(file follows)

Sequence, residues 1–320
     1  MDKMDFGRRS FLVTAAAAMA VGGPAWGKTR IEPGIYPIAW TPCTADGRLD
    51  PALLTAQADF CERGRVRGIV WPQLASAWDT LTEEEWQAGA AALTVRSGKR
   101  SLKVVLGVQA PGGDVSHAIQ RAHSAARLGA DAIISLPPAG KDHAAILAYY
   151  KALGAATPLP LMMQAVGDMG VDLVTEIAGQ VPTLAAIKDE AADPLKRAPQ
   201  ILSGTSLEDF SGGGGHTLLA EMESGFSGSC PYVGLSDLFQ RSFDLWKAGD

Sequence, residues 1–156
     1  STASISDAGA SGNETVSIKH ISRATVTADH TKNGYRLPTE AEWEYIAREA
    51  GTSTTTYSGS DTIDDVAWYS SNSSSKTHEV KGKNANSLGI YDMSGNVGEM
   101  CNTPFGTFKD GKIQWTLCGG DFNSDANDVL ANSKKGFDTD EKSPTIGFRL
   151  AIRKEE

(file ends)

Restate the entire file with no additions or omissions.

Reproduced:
Sequence, residues 1–320
     1  MDKMDFGRRS FLVTAAAAMA VGGPAWGKTR IEPGIYPIAW TPCTADGRLD
    51  PALLTAQADF CERGRVRGIV WPQLASAWDT LTEEEWQAGA AALTVRSGKR
   101  SLKVVLGVQA PGGDVSHAIQ RAHSAARLGA DAIISLPPAG KDHAAILAYY
   151  KALGAATPLP LMMQAVGDMG VDLVTEIAGQ VPTLAAIKDE AADPLKRAPQ
   201  ILSGTSLEDF SGGGGHTLLA EMESGFSGSC PYVGLSDLFQ RSFDLWKAGD

Sequence, residues 1–156
     1  STASISDAGA SGNETVSIKH ISRATVTADH TKNGYRLPTE AEWEYIAREA
    51  GTSTTTYSGS DTIDDVAWYS SNSSSKTHEV KGKNANSLGI YDMSGNVGEM
   101  CNTPFGTFKD GKIQWTLCGG DFNSDANDVL ANSKKGFDTD EKSPTIGFRL
   151  AIRKEE